Last Saturday's decision by the Radcliffe College council to initiate merger talks with Harvard has made the union of the schools inevitable, but the wedding day may still be some time away.
Talk of the merger, of course, is nothing new: Radcliffe's original charter contained a clause hinting at the eventual absorption of the college by Harvard, and officials of the two schools have informally explored the possibility during the past decade.
But nothing came of these informal contacts. Harvard reportedly insisted that Radcliffe make a greater effort to bolster its shaky financial status, and Radcliffe was not over-eager to dissolve into a division of the larger University.
Now, however, the two highest governing bodies of Radcliffe have publicly committed themselves to pursuing a merger, and--given the current student interest in the topic--backing out would be embarassing, to say the least.
Radcliffe's proposal is sure to be accepted by Harvard. The University has long subsidized its step-daughter, and a formal merger would only wipe out the myriad minor annoyances resulting from the fiction that Radcliffe lives apart from Harvard.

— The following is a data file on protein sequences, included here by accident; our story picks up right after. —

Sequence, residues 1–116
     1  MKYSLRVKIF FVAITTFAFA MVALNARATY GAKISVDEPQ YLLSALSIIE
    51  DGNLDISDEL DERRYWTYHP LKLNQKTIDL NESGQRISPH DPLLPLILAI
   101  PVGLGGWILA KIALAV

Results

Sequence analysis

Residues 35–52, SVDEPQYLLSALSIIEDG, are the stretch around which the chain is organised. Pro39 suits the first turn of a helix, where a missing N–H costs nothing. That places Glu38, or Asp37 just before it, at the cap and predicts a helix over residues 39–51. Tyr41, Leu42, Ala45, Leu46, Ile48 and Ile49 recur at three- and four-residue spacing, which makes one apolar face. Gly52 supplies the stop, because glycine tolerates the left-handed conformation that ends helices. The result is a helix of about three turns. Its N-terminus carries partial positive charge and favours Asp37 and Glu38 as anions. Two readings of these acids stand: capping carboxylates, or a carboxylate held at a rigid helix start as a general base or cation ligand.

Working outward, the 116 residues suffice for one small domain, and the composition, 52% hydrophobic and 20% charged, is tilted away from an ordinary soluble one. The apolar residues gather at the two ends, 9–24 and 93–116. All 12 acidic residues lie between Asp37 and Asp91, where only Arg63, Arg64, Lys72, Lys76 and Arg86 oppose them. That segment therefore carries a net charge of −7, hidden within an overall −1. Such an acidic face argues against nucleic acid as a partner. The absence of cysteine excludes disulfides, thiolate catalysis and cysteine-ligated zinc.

Yet a million details, the kind which it may take months of negotiation to work out, still remain. A place within the University will have to be found for most of Radcliffe's administrators. The budgetary system of the University may have to be revamped. Admission and scholarship plans for female Harvard undergraduates will have to be devised.
The two administrations will have to make a quick re-appraisal of Radcliffe's current building projects to see how they will fit into University-wide plans.
All these details will take time, and perhaps cause some anguish to the parties involved. But once the two colleges agree on the ultimate goal of merger, the details of the plan will inevitably--if not as speedily as some might wish--fall into place.